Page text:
Fatigue-life curve-4130 Steel

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From material science viewpoint, fatigue is caused by the application of repeated loads. Fatigue weakens the material. It is the progressive and localized structural damage that occurs when a material is subjected to cyclic loading.[1] Generally, the nominal maximum stress that cause this kind of damage in a material may be much lower than the strength of the material normally known as the ultimate tensile stress limit or the yield stress limit. Fatigue happens when a material is under the influence of repeated loading and unloading conditions. If these loads are above a certain threshold, microscopic cracks will start to form at the stress concentrators like the surface, persistent slip bands (PSBs), and grain interfaces.[2] At some point a crack will reach a critical size, the crack will then propogate abruptly resulting in fracture.



Fatigue life (N_f) is defined by the total number of stress cycles required to cause failure. Engineers have used any of three methods to determine the fatigue life of a material: the stress-life method, the strain-life method, and the linear-elastic fracture mechanics method.[3] Fatigue is a surface driven failure. This surface can be both internal as well as external, since defects are internal.[4]

Fatigue life curve-4130 Steel

There is a wide application area of 4130 in the petroleum and gas industry. Owing to this use, it can be exposed to high temperatures and also severe cyclic loading conditions. The fatigue curve below show the influence of thermal treatment on high temperature behavior of this steel. These tests are carried out at a temperature of 450^{0}C with a strain range of 0.8% to 1.5%. Figures 1 and 2 below show the cyclic stress response of 4130 steel.

Figure 1: Cyclic stress response versus the number of cycles N and the life fraction.[5]

Figure 2: Cyclic stress response versus the number of cycles N for various strain range tests at 450^{0}C in air for the bainitic and the ferritic-pearlite 4130.[5]

An S-N curve, also known as a Wohler curve, is determined from the result of subjecting the material to a range of fatigue tests at variable stress levels. An example of such tests is shown in figure 3. In this test, S_{m}=0, and therefore the stress ratio R=S_{min}/S_{max}=-1. The variable in figure 3 is the stress amplitude S_{a}.

Figure 3: Fatigue test results of unnotched specimens of a low-alloy steel (SAE 4130).[6]

Figure 4 displays the predicted S-N curve for a mildly notched specimen of SAE 4130. The details of the test can be found in [6].

Figure 4: Predicted S-N curve for a mildly notched specimen, root radius \rho = 8.1 mm, material SAE 4130 steel.[6]

Figure 5 shows experimental S-N curve for tensile specimens made of AISI 4130 steel under fully reversed loading (R = -1 ). The specimens were prepared as per ASTM standard. Details can be found in the study by Singh et al[7].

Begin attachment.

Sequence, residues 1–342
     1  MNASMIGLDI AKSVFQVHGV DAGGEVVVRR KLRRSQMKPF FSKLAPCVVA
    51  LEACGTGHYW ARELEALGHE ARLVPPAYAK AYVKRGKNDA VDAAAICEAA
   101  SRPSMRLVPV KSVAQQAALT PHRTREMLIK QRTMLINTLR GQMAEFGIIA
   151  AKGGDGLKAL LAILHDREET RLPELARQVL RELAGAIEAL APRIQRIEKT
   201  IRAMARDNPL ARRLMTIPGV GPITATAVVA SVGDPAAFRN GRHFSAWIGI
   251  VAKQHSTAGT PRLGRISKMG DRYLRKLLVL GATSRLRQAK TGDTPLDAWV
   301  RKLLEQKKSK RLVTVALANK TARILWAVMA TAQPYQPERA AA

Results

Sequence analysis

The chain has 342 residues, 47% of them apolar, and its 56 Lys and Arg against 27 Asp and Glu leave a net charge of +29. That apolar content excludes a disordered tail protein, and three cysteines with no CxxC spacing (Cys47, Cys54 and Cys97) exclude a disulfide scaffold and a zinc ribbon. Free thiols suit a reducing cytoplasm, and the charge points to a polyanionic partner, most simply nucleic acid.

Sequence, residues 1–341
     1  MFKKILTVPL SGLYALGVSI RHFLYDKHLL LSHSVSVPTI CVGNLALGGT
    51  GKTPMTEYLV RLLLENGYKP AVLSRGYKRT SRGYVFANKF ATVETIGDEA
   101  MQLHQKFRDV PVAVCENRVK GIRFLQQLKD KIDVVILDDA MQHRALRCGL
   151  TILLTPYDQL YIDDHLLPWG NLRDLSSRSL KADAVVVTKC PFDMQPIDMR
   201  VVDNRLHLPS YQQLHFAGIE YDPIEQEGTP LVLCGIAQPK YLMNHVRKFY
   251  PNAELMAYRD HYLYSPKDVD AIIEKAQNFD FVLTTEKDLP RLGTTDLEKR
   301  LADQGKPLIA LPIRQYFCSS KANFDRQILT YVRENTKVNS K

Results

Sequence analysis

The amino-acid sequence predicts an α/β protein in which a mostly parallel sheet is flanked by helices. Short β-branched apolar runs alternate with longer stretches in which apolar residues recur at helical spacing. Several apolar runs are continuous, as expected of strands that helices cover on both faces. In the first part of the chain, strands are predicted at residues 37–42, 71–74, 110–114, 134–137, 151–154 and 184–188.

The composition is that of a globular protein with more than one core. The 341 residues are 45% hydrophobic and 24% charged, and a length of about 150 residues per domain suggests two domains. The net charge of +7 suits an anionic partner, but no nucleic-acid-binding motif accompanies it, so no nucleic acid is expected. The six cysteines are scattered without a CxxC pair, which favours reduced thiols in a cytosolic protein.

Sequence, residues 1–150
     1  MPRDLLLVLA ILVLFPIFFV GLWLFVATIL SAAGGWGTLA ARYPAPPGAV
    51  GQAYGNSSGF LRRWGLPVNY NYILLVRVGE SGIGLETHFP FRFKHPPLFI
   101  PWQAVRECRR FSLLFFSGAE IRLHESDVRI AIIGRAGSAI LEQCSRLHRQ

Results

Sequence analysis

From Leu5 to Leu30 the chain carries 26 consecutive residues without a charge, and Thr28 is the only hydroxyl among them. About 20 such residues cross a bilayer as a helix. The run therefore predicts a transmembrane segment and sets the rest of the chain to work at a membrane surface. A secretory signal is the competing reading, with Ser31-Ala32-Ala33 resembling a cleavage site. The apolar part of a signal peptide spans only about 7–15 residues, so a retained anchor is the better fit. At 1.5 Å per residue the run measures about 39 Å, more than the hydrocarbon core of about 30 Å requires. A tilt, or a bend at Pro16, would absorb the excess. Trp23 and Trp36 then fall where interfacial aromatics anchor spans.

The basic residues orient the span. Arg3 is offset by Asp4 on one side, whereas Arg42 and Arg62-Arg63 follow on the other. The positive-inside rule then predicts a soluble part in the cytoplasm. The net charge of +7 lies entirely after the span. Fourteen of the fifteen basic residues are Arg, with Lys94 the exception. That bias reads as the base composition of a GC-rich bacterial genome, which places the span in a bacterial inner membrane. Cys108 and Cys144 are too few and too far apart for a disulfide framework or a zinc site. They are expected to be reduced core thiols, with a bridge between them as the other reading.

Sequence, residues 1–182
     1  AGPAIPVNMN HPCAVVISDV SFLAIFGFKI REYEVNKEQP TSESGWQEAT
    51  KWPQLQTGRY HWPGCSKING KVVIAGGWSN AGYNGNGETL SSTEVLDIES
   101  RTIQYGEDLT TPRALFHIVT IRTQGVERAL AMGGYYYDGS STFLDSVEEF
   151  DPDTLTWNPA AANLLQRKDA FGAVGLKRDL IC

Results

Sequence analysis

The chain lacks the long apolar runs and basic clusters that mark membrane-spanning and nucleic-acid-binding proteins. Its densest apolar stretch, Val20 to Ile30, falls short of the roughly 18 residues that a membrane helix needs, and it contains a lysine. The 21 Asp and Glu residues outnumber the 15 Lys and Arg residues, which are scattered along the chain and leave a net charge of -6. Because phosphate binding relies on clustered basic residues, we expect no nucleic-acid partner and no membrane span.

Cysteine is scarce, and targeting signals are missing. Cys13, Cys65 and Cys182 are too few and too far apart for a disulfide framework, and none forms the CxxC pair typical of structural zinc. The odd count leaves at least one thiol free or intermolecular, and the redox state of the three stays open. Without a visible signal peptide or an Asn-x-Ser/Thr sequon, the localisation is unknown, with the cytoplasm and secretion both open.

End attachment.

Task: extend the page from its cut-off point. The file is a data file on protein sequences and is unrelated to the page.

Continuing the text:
Figure 5: Experimental S-N curve for AISI 4130 steel tensile specimen under fully reversed loading (R = -1 ).

Figure 6 shows the result of a cumulative fatigue damage in AISI steel. The details of the study can be found in the works of Jeelani and Musial [8]

Figure 6: S-N curve for AISI steel.(o) R=-1, m=-9.45638c/02, c-235610, p=10.57486, \beta =6.459E+56:(filled o) R=0, M=-9.57304e/-02, c=313479, p=10.446,\beta =2.590559E+57 .[8]

Figures 7, 8, and 9 show the rest of the X-ray diffraction study conducted in Shot-peened and fatigued 4130 steel by Esquivel and Evans [9]

Figure 7: Residual macrostresses variation in 4130 steel with fatigue cycling at numerous depths: at the surface (solid circles), near the surface (at depth, d=0.001 in.) at the stress profile minimum (d=0.007 in.), at the cross-over point (d=0.013 in.).[9]
Figure 8: Relaxation of residual macrostresses, (in ksi) at different depths with fatigue cycling.[9]
Figure 9: Changes in the residual stress gradient, in ksi.0.001 in. at different depths with fatigue cycling.[9]


  1. http://en.wikipedia.org/wiki/Fatigue_%28material%29
  2. Kim, W.H; Laird, C. (1978). Crack Nucleation and State I Propagation in High Strain Fatigue- II Mechanism. Acta Metallurgica. pp. 789–799.
  3. Joseph E. Shigley, Charles R. Mischke, and Richard G. Budynas.
  4. ICME class lectures. Dr. Horstemeyer, Spring 2015
  5. 5.0 5.1 Bultel, H., and Vogt, J-B., "Influence of heat treatment on fatigue behavior of 4130 AISI steel",Procedia Engineering 2(2010) 917-924.
  6. 6.0 6.1 6.2 Fatigue of Structures and Materials, J. Schiive. [[1]]
  7. Singh, K., Sadeghi, F., Correns, M., Blass, T. A microstructure based approach to model effects of surface roughness on tensile fatigue. Int. J. Fatiugue 129 (2019) 105229 [2]
  8. 8.0 8.1 Jeelani, S., Musial, M., A study of cumulative fatigue damage in AISI 4130 steel. Jour. of Mat. Sci. 21 (1986) 2109-2113.
  9. 9.0 9.1 9.2 9.3 Esquivel, A. L., Evans, K. R.,X-ray Diffraction Study of Residual Macrostresses in Shot-peened and Fatigued 4130 Steel,Experimental Mechanics, pp. 496-502
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